Albert dies in December 1861 of what is believed nowadays to have been Crohn’s disease. Victoria enters into a 10 year period of very deep mourning and disappeared from view. Living away from London, refusing to open Parliament or do any public duty. She developed a system were a cohort of medical expert would present ”Doctor’s notes” to explain her absence or inability to do her duty to the Prime Minister and the Press.  The Press and the public criticized her for her absence and questions were raised about the role of the Royal family, why do we need them, she kept her adult children including the heir, the Prince of Wales, her eldest son Edward from any Royal duty. The image of the Royal family suffered during that period only to improve slightly towards the end of her life.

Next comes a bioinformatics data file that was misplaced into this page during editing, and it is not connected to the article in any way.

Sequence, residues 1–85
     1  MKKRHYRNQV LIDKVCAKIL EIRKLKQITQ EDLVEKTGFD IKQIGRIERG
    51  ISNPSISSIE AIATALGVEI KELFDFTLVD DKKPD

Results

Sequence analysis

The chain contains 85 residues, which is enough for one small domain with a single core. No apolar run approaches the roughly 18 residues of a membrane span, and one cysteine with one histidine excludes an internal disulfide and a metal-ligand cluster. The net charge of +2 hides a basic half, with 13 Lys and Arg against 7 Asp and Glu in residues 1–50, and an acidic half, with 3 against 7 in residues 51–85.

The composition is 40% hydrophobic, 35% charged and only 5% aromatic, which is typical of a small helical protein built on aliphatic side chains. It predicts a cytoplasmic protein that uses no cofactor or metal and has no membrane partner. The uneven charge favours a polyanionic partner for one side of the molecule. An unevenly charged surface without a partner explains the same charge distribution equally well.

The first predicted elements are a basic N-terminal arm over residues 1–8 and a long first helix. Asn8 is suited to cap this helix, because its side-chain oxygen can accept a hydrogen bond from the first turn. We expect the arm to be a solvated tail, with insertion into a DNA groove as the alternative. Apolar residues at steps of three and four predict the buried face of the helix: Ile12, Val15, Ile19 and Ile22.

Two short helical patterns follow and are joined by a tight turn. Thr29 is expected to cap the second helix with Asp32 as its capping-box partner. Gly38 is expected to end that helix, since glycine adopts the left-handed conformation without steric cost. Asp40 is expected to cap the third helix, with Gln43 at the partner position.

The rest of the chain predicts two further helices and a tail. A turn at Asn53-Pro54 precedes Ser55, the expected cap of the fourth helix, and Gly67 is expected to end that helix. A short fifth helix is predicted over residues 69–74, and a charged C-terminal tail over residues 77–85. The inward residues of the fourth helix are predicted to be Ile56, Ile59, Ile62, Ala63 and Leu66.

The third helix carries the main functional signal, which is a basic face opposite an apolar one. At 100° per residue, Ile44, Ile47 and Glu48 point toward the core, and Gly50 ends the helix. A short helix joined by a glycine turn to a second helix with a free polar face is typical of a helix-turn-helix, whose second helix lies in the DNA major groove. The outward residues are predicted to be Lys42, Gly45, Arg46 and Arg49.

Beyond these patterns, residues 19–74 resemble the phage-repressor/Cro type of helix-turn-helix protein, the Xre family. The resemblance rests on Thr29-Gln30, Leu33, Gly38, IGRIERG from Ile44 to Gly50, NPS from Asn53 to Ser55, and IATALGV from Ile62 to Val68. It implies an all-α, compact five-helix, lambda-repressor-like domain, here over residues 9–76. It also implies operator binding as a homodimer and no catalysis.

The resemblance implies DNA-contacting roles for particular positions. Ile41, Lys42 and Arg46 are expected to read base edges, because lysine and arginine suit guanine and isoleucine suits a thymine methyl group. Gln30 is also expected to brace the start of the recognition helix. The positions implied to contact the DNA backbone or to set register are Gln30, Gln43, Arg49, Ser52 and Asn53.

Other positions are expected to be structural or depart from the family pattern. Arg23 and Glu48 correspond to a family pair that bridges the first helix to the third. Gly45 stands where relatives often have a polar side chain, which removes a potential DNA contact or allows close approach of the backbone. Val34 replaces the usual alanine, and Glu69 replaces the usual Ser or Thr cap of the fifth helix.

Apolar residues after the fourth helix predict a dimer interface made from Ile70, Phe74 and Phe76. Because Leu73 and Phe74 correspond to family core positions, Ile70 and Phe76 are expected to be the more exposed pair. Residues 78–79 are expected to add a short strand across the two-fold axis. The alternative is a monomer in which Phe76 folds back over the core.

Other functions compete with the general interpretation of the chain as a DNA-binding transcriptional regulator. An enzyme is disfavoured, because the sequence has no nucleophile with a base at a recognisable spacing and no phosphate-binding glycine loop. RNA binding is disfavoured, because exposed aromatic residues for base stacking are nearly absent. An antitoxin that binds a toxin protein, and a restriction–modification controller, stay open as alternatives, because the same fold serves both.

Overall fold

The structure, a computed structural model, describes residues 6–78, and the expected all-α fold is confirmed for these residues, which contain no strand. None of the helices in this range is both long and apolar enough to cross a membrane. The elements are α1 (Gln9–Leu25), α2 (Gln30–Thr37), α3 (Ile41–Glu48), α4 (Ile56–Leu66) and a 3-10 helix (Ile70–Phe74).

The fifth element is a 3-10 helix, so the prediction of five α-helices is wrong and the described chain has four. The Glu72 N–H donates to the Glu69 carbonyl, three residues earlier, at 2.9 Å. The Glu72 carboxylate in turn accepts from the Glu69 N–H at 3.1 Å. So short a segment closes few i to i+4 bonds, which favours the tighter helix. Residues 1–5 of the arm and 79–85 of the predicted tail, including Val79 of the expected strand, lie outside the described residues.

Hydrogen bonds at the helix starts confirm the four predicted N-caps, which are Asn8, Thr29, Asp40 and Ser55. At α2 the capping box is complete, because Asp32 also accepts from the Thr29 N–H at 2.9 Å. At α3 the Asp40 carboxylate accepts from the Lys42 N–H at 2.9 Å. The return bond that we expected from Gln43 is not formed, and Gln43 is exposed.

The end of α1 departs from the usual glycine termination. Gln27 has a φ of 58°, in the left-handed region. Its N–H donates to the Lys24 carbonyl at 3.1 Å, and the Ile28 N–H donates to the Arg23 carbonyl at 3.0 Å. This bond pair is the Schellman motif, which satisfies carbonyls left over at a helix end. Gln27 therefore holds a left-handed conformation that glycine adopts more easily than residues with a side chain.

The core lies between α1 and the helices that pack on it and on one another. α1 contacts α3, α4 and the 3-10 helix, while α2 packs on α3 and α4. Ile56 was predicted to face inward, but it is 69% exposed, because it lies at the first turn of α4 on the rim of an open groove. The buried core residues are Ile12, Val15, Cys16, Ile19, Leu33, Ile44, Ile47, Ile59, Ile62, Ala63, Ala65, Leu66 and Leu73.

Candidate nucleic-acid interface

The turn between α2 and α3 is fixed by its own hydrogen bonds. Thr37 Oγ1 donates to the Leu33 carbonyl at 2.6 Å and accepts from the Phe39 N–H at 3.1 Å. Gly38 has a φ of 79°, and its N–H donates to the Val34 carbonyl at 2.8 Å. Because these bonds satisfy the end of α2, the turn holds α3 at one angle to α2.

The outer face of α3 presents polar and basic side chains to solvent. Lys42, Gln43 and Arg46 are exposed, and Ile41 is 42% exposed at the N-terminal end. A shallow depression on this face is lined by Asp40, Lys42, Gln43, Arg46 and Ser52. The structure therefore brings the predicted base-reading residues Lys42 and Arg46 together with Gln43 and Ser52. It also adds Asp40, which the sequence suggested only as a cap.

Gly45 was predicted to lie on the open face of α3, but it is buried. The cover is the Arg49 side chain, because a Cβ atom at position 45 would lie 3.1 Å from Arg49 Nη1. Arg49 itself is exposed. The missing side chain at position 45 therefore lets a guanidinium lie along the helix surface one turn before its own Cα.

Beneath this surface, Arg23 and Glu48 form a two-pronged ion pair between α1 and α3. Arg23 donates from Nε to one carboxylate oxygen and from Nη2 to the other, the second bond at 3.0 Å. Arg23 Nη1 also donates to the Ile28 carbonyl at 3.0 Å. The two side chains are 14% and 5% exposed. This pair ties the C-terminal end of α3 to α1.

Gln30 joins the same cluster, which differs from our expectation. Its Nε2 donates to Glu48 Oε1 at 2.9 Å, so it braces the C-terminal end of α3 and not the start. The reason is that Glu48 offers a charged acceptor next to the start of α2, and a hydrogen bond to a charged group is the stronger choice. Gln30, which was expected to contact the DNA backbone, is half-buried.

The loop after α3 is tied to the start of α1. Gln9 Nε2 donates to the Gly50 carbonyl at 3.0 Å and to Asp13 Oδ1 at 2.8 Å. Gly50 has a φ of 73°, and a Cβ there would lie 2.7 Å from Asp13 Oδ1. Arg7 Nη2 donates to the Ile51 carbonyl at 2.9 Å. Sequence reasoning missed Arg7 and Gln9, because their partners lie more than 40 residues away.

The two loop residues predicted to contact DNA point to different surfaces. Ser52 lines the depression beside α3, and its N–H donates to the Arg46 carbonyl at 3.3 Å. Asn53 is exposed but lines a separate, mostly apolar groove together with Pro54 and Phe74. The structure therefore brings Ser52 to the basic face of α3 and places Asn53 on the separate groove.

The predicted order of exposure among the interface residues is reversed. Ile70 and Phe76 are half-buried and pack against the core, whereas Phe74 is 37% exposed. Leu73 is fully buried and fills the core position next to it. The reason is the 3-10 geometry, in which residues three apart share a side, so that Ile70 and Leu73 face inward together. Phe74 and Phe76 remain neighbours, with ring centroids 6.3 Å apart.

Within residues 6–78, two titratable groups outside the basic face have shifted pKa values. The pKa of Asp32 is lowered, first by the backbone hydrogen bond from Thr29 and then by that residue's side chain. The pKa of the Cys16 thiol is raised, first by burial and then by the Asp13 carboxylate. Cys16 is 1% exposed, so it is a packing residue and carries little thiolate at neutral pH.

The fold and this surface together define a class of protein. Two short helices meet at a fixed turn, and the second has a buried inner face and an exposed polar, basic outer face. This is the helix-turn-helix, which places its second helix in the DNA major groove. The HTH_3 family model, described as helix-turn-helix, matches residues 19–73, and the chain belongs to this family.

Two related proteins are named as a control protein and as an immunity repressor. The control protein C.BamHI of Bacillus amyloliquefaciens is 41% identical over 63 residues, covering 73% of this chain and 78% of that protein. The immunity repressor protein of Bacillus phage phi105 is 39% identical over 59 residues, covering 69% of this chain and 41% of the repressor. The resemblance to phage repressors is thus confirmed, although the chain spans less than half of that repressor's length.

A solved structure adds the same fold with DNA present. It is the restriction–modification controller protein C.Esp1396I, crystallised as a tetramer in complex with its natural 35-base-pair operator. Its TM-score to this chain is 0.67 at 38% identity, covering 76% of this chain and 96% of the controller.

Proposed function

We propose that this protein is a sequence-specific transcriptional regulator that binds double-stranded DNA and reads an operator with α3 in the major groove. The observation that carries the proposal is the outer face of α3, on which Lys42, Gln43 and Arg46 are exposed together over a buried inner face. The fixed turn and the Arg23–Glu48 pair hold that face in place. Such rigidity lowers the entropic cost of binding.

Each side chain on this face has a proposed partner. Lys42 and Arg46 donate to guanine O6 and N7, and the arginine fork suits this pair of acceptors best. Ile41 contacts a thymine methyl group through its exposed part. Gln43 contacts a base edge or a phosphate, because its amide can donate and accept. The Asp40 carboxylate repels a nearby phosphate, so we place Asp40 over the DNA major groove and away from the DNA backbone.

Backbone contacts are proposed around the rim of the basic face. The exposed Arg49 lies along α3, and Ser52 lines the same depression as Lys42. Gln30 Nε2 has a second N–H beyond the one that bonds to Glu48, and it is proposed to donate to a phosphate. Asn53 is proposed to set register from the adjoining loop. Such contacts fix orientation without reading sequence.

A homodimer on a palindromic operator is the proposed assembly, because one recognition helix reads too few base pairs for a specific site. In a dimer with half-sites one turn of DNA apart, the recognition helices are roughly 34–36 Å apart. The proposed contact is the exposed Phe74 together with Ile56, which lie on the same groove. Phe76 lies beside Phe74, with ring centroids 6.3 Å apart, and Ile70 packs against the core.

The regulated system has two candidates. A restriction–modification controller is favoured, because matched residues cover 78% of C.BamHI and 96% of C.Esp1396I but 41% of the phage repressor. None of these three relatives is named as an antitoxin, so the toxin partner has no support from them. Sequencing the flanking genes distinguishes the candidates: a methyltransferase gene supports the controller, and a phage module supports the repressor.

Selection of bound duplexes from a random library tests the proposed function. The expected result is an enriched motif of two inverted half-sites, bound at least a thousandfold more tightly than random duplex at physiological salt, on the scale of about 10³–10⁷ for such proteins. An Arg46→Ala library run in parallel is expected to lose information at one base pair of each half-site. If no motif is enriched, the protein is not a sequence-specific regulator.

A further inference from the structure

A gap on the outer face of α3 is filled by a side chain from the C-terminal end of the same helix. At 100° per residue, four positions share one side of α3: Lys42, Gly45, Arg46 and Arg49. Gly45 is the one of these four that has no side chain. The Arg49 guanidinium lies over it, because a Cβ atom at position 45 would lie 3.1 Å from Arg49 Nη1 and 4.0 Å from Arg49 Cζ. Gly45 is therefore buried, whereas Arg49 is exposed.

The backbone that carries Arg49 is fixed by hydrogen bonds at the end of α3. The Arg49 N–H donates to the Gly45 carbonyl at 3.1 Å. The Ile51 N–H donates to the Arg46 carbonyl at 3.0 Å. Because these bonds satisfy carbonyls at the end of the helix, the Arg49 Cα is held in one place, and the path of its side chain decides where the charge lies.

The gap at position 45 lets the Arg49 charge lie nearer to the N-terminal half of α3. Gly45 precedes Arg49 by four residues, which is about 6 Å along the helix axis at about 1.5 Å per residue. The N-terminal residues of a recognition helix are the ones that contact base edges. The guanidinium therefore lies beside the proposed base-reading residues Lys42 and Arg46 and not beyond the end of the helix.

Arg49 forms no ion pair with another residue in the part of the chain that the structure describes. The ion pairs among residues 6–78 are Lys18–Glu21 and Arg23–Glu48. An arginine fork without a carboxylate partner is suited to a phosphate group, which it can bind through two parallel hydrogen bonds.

Her mental health after the death of Albert deteriorated so much that many feared she was going mad like her Grandfather King George III. In reading this biography, you see Victoria as indulged and weak and then as temperamental and emotional, much weeping about everything. Her children marry, they will move away and she feels always very depressed at every wedding. These marriages will also increase the prestige of Britain, connecting her family with other Royal Houses, like Denmark, Russia, Germany, Romania, Greece. She will offer asylum to French Emperor Napoleon III and his family in 1870 after his overthrow. She will also put Chancellor Bismarck in his place during a meeting in 1888 over the succession in Germany.

As for her relationship with the Scottish oaf John Brown, there is a strong suspicion that she had an affair with him for many years, he was a substitute for the dead Albert. Baird does bring a lot of context to this book and it helps the reader understand the dynamics of the time and destroy some myths about Victoria.



Painting of Victoria and Albert with 5 of the children in 1846 by Franz Xaver Winterhalter


Some sights